Years ago when Sister Nelson and I had several teenaged daughters, we took our family on a vacation far away from telephones and boyfriends. We went on a raft trip down the Colorado River through the Grand Canyon. As we started our journey, we had no idea how dangerous this trip could be.
The first day was beautiful. But on the second day, when we approached Horn Creek rapids and saw that precipitous drop ahead, I was terrified. Floating on a rubber raft, our precious family was about to plunge over a waterfall! Instinctively I put one arm around my wife and the other around our youngest daughter. To protect them, I tried to hold them close to me. But as we reached the precipice, the bended raft became a giant sling and shot me into the air. I landed into the roiling rapids of the river. I had a hard time coming up. Each time I tried to find air, I hit the underside of the raft. My family couldn’t see me, but I could hear them shouting, “Daddy! Where’s Daddy?”
I finally found the side of the raft and rose to the surface. The family pulled my nearly drowned body out of the water. We were thankful to be safely reunited.
The next several days were pleasant and delightful. Then came the last day, when we were to go over Lava Falls, known as the most dangerous drop of the journey. When I saw what was ahead, I immediately asked to beach the raft and hold an emergency family council meeting, knowing that if we were to survive this experience, we needed to plan carefully. I reasoned with our family: “No matter what happens, the rubber raft will remain on top of the water. If we cling with all our might to ropes secured to the raft, we can make it. Even if the raft should capsize, we will be all right if we hang tightly to the ropes.”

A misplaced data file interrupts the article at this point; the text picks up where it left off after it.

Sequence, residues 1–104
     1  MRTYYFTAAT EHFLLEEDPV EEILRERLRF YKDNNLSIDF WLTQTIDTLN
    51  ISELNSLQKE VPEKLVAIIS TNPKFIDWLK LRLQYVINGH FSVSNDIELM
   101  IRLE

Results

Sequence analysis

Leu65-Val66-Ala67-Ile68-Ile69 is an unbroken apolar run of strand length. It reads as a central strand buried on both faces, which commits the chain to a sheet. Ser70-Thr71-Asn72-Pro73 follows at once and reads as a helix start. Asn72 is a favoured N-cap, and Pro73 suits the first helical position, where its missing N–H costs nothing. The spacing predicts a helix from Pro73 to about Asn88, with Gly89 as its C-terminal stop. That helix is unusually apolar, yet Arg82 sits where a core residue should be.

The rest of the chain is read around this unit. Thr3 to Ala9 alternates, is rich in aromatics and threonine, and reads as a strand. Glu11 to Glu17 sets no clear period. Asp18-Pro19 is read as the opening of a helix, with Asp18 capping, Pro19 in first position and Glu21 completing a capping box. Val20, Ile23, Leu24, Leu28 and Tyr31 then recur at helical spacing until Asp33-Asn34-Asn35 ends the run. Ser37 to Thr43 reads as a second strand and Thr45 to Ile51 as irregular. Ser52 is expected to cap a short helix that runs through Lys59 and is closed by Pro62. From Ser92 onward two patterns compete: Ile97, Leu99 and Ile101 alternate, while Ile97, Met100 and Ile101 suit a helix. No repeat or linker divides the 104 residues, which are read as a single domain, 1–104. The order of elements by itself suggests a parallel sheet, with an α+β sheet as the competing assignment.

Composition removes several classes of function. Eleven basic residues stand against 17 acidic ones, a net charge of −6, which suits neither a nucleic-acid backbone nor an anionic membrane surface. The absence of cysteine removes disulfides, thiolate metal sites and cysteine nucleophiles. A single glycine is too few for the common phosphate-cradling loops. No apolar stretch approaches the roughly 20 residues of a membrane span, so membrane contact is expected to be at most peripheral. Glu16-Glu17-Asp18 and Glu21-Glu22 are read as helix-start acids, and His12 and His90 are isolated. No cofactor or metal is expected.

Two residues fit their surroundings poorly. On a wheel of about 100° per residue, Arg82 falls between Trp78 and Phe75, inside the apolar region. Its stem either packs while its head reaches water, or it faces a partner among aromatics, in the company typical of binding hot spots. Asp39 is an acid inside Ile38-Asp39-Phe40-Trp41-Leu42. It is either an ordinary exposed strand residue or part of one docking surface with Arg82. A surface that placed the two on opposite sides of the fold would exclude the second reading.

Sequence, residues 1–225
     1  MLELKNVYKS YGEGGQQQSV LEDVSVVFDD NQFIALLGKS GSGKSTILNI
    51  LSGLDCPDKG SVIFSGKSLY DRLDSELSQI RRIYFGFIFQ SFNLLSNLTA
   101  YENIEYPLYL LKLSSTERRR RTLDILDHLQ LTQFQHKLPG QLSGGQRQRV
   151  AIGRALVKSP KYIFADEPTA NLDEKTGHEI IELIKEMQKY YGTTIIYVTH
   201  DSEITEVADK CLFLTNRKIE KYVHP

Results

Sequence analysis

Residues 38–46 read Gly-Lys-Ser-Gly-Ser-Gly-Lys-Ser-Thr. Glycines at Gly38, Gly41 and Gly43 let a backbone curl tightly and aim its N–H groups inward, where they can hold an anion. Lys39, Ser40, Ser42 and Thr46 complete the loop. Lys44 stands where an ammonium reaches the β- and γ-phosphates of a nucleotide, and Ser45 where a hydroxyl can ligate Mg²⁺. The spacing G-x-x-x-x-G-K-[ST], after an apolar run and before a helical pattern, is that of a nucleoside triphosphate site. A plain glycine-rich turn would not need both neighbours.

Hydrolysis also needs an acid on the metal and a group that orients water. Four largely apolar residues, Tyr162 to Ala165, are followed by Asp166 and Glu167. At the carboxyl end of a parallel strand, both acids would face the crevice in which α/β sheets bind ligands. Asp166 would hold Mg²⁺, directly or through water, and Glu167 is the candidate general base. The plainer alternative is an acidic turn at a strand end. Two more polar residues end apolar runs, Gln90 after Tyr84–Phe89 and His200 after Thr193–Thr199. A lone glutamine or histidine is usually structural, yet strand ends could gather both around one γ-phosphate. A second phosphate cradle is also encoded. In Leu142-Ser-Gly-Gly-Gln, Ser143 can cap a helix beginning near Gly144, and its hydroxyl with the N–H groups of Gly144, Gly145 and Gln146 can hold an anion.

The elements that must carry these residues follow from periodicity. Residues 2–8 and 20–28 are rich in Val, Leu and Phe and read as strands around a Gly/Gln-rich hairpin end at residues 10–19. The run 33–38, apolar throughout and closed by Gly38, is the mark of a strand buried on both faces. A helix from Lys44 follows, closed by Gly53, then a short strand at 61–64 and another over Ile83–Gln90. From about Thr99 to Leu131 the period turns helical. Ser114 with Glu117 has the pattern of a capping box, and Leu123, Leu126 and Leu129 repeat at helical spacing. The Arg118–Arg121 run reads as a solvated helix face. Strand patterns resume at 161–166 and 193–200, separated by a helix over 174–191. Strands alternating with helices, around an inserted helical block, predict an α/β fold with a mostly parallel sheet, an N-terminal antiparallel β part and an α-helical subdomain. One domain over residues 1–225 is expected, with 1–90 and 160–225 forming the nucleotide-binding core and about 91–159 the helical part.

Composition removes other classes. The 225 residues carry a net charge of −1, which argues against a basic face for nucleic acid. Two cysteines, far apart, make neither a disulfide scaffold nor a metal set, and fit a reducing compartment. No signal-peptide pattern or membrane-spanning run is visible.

I turned to our little seven-year-old daughter and said, “All of the others will cling to a rope. But you will need to hold on to your daddy. Sit behind me. Put your arms around me and hold me tightly while I hold the rope.”
That we did. We crossed those steep, rough rapids—hanging on for dear life—and all of us made it safely. 1
Brothers and sisters, I nearly lost my life learning a lesson that I now give to you. As we go through life, even through very rough waters, a father’s instinctive impulse to cling tightly to his wife or to his children may not be the best way to accomplish his objective. Instead, if he will lovingly cling to the Savior and the iron rod of the gospel, his family will want to cling to him and to the Savior.
This lesson is surely not limited to fathers. Regardless of gender, marital status, or age, individuals can choose to link themselves directly to the Savior, hold fast to the rod of His truth, and lead by the light of that truth. By so doing, they become examples of righteousness to whom others will want to cling.
With the Lord, families are essential. He created the earth that we could gain physical bodies and form families. 2 He established His Church to exalt families. He provides temples so that families can be together forever. 3